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Omaha Creighton University names new student dorm Graves Hall, after alumnus

By: - September 30, 2022 1:56 pm

Future green space view at Creighton University’s new student housing project. (Courtesy of Holland Basham Architects)

OMAHA — Creighton University’s new $37 million student housing project, set to open in fall of 2023, is the first built exclusively for first-year students since the 1960s and the first on campus since 2006.

Creighton officials on Friday announced the name of the 400-student project: Graves Hall.

Front view of new student housing. (Courtesy of Holland Basham Architects)

The namesake is Lee C. Graves, undergraduate of 1980 and law graduate of 1983, who along with his wife, Judy, recently made the lead gift of $12 million, according to a media release.

“Higher education is competitive,” said Graves, founder and CEO of ELM Companies, which provides utility and energy management services. “Creighton needs to have the tools for campus to continue to grow and for the schools to continue to thrive. This new freshman residence hall is going to be a great asset in attracting students.” 

Graves Hall, rising near 23rd and Burt Streets, is to be divided mostly into four-person suites. Each suite is to have two bedrooms, two living spaces and a

Lower level lobby at Creighton University’s new resident dorms. (Courtesy of Holland Basham Architects)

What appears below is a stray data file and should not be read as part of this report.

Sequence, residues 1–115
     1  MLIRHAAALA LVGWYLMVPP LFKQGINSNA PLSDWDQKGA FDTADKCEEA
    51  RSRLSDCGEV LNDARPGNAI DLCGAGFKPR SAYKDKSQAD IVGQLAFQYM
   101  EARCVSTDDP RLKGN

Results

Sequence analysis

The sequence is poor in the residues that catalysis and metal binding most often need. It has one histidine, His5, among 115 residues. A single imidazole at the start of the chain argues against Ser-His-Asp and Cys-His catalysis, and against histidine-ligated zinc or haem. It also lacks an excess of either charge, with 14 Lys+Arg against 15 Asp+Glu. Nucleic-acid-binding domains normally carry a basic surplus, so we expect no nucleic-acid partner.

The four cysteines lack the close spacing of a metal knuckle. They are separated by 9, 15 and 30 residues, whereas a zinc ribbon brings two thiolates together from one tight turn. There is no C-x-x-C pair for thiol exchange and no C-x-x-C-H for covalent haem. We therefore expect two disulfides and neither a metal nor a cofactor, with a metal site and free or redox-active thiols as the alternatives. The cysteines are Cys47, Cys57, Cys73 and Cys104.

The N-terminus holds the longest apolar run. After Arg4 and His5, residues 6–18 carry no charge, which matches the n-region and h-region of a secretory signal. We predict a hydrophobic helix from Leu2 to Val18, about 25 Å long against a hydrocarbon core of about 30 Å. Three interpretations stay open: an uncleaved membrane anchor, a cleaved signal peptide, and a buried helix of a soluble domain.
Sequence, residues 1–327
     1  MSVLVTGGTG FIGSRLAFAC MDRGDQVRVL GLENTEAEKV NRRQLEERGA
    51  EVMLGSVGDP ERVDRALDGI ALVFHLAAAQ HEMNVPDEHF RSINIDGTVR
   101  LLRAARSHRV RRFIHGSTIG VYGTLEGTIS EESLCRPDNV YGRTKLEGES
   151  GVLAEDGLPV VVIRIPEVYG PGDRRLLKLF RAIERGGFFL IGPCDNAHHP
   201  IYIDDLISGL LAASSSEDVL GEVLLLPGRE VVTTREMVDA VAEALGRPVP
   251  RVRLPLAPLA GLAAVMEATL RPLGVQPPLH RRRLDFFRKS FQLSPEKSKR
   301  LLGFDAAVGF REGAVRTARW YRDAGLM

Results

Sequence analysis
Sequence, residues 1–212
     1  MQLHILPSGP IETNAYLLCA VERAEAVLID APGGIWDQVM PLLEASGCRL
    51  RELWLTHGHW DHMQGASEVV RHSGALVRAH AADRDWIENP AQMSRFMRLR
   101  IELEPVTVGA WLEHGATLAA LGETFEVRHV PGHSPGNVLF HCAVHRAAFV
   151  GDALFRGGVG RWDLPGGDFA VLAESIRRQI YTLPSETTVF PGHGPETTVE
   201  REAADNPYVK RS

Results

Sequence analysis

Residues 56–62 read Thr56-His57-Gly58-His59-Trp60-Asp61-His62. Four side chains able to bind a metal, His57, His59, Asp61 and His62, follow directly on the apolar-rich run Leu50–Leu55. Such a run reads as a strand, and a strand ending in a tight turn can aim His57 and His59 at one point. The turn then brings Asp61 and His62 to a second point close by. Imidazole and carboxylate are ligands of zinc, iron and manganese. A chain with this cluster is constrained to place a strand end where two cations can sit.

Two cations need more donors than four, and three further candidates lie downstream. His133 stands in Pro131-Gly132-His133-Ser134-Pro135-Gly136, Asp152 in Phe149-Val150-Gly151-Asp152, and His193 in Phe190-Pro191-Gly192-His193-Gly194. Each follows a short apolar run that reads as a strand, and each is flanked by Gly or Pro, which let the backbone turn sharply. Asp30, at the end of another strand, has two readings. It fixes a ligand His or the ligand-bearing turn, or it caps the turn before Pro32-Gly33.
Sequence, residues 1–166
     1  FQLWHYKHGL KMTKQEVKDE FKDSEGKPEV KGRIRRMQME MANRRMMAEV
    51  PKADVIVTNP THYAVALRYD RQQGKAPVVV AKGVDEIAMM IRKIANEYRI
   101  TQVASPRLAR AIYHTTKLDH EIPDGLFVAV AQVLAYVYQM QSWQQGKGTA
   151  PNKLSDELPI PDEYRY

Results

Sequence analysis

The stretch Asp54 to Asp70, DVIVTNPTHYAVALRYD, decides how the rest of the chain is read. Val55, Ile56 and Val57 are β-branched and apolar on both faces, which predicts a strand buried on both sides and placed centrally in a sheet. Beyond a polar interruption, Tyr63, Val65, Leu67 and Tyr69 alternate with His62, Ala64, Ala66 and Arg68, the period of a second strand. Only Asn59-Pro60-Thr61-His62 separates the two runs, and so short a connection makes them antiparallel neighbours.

shared bathroom. Each floor is to have kitchenettes and other amenities.

The building also will include a larger kitchen on the second floor for students to share.

“Graves Hall will represent a philosophical shift in how we house our freshman students, with accommodations that allow for both privacy and community,” said the Rev. Daniel Hendrickson, Creighton president.

 

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Cindy Gonzalez
Cindy Gonzalez

Senior Reporter Cindy Gonzalez, an Omaha native, has more than 35 years of experience, largely at the Omaha World-Herald. Her coverage areas have included business and real estate development; regional reporting; immigration, demographics and diverse communities; and City Hall and local politics. She has won awards from organizations including Great Plains Journalism, the Society for Advancing Business Editing and Writing (SABEW) and the Associated Press. Cindy has been recognized by various nonprofits for community contributions and diversity efforts. She chairs the board that oversees the local university’s student newspaper.

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